Wings of Desire travels between both the immortal and the human. Through two angels, an image of the people whose city they inhabit is presented to us as is the city itself. We are given a world of angels, specifically two angels named Damiel and Cassiel, portrayed by Bruno Ganz and Otto Sander, who populate Berlin and move through it and above it, listening to the thoughts of a whole variety of Berliners – a people who appear in the film isolated and sort of apart from anybody and anything else, despite living together in a large city.
The film cleverly cuts from black-and-white to colour, as a way of making clear the shift from the angels’ points of view, and the human world. As the angels roam, as they have seemingly done since before the world was even populated with humans, they encounter many different people and situations. They sit and listen to the thoughts of a pregnant woman, of an artist struggling for ideas, of a broken man in a failing relationship. The thoughts of these people are heard over each scene, while the angels simply watch, invisible. They seem to offer something to the humans, despite the fact that each person is oblivious of their presence. It is in this way that a picture of a city, but more than that, of a people and human life as it is, can be built and slowly developed throughout the story.
At one point, they enter a great library, and a thousand thoughts can be heard, intertwined and completely incomprehensible. The thoughts of those reading in their heads, from the books contained within. In the library, one person they come across is an old man named Homer, the aged poet. Unlike the Homer of Greek legend, he anticipates an epic of peace. Through his thoughts, he leaves the two angels and the viewer with the question, ‘what is so wrong with peace that its inspiration does not endure?’
Wings of Desire also consists of a number of other subplots which carry the whole concept into a range of different places. Every so often, it shifts to a fictional American filmmaker, Peter Falk, who has journeyed to Berlin to make a film circulating around the city’s Nazi past. As his story unfolds, the truth of his history, his existence and his humanity start to appear. At other times, the film focuses in on a drifting trapeze artist named Marion, played by Solveig Dommartin, who one of the angels, Damiel, begins to fall in love with. His growing obsession with her, leads to a growing obsession with humanity, the pleasures that come with living, with feeling and with tasting. His whole immortality is brought into question. At the same, Cassiel is faced with a young man on the verge of suicide.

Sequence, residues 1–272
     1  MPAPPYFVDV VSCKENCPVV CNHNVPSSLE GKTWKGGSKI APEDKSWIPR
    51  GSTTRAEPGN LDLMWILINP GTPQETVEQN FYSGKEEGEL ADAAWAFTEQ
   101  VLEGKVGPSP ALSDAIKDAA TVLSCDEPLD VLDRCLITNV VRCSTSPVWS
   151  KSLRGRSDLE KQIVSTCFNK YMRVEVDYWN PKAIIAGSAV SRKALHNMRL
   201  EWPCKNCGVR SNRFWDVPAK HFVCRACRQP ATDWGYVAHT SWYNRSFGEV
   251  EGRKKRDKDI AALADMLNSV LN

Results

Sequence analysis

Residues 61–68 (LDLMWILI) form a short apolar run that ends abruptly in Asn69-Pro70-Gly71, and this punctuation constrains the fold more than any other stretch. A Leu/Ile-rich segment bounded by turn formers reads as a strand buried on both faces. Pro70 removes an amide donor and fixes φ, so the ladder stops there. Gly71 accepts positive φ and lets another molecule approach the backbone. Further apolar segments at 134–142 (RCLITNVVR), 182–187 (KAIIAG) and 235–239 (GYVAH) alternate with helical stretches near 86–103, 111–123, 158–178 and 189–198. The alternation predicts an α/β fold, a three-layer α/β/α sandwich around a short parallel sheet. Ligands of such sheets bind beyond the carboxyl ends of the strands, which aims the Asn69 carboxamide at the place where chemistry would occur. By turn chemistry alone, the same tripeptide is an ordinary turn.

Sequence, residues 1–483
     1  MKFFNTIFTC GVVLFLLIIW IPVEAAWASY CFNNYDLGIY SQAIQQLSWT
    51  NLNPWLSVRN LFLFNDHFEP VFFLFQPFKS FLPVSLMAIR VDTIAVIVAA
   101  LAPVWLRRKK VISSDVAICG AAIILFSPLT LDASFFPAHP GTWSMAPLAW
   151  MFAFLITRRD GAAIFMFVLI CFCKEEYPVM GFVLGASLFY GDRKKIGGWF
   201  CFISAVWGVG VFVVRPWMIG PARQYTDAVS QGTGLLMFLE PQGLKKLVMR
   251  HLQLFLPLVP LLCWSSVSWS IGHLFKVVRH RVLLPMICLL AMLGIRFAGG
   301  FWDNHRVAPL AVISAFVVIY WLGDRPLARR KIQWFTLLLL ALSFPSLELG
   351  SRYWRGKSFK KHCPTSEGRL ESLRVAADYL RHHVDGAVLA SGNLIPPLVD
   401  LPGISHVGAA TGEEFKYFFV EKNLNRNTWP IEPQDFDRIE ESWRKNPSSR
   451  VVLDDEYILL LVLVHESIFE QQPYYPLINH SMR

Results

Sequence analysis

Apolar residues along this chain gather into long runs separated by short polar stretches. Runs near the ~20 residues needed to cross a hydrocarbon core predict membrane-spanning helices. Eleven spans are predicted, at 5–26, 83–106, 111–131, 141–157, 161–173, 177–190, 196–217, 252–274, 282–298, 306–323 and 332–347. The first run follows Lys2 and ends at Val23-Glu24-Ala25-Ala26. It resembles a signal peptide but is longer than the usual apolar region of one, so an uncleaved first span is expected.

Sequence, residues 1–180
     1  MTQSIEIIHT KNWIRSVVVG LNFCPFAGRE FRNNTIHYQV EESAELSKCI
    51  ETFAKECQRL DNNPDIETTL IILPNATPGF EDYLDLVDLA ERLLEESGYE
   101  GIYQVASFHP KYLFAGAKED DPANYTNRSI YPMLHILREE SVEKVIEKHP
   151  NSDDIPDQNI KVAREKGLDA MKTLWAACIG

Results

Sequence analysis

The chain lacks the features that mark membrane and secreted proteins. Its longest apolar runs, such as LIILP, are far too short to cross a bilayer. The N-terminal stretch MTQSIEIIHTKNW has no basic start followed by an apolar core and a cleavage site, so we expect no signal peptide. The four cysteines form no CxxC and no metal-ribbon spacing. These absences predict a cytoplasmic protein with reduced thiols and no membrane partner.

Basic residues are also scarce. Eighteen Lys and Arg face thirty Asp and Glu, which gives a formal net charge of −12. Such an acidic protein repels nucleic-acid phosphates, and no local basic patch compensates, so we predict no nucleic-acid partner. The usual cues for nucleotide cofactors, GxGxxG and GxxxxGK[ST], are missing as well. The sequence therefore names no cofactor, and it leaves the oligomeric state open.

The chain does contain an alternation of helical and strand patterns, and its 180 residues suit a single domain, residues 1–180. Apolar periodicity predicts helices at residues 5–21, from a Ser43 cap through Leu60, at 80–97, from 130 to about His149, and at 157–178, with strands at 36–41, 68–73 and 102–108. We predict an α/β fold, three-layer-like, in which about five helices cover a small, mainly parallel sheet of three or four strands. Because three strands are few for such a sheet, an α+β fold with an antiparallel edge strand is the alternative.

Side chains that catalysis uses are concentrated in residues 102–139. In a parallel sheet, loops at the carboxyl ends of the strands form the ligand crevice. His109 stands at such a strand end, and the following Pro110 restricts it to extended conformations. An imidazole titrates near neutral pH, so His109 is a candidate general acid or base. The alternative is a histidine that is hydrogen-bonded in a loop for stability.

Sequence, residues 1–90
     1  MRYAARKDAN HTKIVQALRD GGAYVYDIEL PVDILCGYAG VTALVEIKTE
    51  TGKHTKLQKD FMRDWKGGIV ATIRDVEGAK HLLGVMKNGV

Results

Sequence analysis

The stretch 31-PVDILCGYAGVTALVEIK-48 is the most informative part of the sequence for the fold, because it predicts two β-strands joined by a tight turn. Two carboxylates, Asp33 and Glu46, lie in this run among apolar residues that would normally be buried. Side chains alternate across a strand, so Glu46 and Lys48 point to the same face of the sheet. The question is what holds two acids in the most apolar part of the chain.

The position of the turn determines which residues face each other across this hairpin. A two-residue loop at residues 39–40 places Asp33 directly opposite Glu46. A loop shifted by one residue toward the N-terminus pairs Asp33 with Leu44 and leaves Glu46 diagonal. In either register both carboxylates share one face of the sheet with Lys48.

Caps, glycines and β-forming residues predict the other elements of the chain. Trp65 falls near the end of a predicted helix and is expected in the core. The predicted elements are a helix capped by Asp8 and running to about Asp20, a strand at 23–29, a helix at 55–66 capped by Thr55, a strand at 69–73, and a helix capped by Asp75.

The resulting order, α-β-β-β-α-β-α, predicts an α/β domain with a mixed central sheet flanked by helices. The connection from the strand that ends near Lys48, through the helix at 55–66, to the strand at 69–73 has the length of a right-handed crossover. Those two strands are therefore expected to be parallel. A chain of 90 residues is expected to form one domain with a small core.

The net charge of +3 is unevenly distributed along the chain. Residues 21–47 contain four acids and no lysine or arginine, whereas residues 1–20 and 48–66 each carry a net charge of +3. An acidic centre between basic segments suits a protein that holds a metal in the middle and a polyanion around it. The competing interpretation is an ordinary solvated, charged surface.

The whole film feels purely poetic, like it was somehow lifted off an old page and placed in a different form. With a minimal script, mainly made up of a kind of poetic narrative, it mainly sets about to capture a mood and say something about people, about a city, about existence and about desire through the use of mood, much like a poem, or a song. In fact, Wim Wenders has stated that the film was actually greatly inspired by the poetry of Rainer Maria Rilke, whose poetry, he believes, carries angels in some form or another. It is a film about human physicality and the sensations that come with human life. Through Wender’s angels we are reminded of the fact that maybe a life lived in a spiritual world, and that alone, can never be enough.
Wings of Desire at IMDb
Wings of Desire at Rotten Tomatoes
Wings of Desire at Wikipedia
Wings of Desire at wim-wenders.com
Wim Wenders official website at wim-wenders.com
Reiner Maria Rilke at poetryfoundation.org
Faraway, So Close! by Wim Wenders at Unsung Films
Search Unsung Films for “Wim Wenders”